Once you’ve done one Genre, you can start on the next. This way, you will always appear to be the expert in the field rather than a ‘Jack of all trades’. This means you can charge a bit more too. Perhaps as much as 20% more, just because of your perceived specialist status. Once your customer has had their pregnancy shoot you can introduce them to your baby or wedding photography as required.
Good reading: ‘Don’t make me think’ by Steve Krug and ‘Search Engine Optimisation, an hour a day’ by Jennifer Grappone
4. Organise your promotions. Portraiture is just one big promotion. Weddings happen and brides need photographers but the same is not true for portraiture. Use your diary to schedule some of your 2010 promotions. Here are a few ideas for just one of the genres – family portraits on location:
- February half term – kids among daffodils
- Easter holidays – hay barn shoots (rent a local barn) plus kids with lambs?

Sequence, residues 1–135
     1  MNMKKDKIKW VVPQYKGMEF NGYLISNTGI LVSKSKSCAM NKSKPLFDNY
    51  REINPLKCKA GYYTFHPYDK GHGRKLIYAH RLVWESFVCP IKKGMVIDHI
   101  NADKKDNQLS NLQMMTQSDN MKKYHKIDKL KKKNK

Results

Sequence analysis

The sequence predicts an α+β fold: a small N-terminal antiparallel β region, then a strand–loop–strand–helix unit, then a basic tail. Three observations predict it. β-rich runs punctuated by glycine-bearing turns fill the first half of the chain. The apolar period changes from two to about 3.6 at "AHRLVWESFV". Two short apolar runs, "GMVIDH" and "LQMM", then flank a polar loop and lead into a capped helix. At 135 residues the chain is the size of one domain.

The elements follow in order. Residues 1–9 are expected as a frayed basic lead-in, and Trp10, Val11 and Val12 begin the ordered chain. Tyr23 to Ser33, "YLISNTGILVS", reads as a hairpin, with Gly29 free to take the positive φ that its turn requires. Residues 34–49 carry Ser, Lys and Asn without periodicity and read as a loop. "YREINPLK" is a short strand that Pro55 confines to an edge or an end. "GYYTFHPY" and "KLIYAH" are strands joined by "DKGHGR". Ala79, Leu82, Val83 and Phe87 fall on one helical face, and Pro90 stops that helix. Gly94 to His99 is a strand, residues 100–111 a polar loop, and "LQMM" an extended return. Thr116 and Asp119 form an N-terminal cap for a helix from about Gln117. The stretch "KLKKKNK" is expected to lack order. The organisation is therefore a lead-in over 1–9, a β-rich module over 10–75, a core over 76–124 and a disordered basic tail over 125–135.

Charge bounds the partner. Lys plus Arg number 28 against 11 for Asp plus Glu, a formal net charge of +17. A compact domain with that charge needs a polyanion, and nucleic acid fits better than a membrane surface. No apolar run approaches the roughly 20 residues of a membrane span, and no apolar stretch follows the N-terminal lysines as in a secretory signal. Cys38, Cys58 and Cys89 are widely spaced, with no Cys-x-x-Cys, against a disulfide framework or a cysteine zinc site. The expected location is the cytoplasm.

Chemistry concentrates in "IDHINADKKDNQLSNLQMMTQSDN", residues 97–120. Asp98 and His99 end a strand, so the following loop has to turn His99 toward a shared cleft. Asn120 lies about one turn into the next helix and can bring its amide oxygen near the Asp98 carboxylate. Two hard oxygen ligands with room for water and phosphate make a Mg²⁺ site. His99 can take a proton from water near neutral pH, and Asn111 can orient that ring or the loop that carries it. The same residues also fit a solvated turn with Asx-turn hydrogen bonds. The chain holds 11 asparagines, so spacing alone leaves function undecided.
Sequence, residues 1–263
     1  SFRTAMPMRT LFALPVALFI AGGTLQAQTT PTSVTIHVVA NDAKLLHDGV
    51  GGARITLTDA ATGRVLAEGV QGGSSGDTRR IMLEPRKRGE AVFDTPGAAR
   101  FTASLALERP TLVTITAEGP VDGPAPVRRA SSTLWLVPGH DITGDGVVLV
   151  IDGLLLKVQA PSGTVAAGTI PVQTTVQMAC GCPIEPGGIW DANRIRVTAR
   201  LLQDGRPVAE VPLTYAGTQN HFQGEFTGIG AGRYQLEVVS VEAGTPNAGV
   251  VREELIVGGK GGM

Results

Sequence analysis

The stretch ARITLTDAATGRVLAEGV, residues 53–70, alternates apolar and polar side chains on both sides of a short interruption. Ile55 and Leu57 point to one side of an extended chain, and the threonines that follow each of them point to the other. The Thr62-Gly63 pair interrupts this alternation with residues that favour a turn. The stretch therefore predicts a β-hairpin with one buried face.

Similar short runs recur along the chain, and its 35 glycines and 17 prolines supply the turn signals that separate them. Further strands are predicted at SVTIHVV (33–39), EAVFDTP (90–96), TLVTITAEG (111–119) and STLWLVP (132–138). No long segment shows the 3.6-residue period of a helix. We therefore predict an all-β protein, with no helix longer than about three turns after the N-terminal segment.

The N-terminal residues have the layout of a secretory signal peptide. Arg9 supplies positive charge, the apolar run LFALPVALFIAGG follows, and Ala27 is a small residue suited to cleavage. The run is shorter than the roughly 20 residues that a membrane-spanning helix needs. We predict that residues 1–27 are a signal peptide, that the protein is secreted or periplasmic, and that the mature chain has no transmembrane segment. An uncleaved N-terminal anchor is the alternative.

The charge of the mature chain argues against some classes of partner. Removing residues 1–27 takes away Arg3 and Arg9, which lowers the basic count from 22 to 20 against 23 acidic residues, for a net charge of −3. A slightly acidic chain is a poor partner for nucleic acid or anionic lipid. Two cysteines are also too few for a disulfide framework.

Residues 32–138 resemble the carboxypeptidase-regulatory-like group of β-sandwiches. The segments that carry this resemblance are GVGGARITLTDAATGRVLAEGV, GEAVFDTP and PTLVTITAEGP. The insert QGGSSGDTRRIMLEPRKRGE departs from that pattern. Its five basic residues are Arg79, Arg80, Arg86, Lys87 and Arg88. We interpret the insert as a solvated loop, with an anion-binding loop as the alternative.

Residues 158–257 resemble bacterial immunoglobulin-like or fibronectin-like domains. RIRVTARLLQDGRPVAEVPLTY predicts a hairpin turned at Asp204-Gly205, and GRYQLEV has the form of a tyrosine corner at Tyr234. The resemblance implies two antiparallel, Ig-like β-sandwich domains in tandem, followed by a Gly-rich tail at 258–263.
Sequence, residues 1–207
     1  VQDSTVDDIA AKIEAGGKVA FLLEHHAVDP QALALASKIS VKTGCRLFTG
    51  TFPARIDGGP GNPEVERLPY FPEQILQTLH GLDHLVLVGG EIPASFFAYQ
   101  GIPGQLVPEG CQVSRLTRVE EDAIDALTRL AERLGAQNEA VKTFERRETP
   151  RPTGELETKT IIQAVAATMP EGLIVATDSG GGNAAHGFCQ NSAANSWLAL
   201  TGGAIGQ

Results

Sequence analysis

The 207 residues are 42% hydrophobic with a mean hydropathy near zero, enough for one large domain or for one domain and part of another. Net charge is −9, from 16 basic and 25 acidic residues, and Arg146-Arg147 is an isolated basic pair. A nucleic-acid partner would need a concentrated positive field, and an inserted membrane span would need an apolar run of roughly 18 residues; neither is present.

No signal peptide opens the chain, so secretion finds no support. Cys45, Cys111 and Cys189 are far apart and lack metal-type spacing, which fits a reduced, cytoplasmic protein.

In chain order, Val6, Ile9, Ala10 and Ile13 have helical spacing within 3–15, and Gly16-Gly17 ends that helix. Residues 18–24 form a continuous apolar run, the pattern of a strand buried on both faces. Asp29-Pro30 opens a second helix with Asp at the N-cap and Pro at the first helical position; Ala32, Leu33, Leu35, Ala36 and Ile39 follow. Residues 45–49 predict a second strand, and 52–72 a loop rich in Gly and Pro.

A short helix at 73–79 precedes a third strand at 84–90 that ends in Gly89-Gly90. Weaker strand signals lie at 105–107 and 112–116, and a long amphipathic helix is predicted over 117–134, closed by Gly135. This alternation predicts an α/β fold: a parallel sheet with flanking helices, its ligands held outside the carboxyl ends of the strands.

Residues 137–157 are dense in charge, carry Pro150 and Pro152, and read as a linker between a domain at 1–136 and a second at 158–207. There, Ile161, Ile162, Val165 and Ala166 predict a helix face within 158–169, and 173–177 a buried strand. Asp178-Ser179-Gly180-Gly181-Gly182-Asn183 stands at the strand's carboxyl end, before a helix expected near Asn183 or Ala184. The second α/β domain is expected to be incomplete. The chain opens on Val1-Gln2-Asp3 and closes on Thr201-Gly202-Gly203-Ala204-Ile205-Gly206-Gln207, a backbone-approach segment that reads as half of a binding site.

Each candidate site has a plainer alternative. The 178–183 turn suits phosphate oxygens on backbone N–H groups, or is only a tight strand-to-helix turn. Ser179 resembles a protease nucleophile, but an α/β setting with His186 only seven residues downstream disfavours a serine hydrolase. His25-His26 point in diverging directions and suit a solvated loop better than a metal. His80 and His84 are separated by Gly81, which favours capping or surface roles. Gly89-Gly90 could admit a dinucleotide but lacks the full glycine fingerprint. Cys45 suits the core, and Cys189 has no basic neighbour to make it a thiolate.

- Mid summer term – Bluebell family shoots
- May half term – Flower meadow picnic shoots
- August holidays – Lifestyle ‘at home’ or holiday cottage shoots
- October half term – Sunset on the beach shoots
- November half term – Autumn woodland shoots
5. Set targets for each genre. Take into consideration your production capability. Be realistic and don’t forget to schedule sufficient editing time and viewing slots.
6. Engage in Marketing. Marketing is the process of gathering warm leads. A warm lead is one where the prospect has been exposed to your product and expressed an interest in becoming a customer. They may have entered a prize draw to win a family photo shoot or filled in an online contact form requesting more details of an offer. Typical marketing activities include the following:
- Targeted leaflet distribution to specialist groups. NCT, Ballet schools, youth orchestras, adventure clubs, sports organisations etc.
- Exhibitions. lifestyle and living events, school Easter fairs, school summer fetes, county shows, trade stands at supermarkets, shopping malls and in the high street etc.
- Trade associations and joint competitions with designer clothes shops, interior design shops, etc.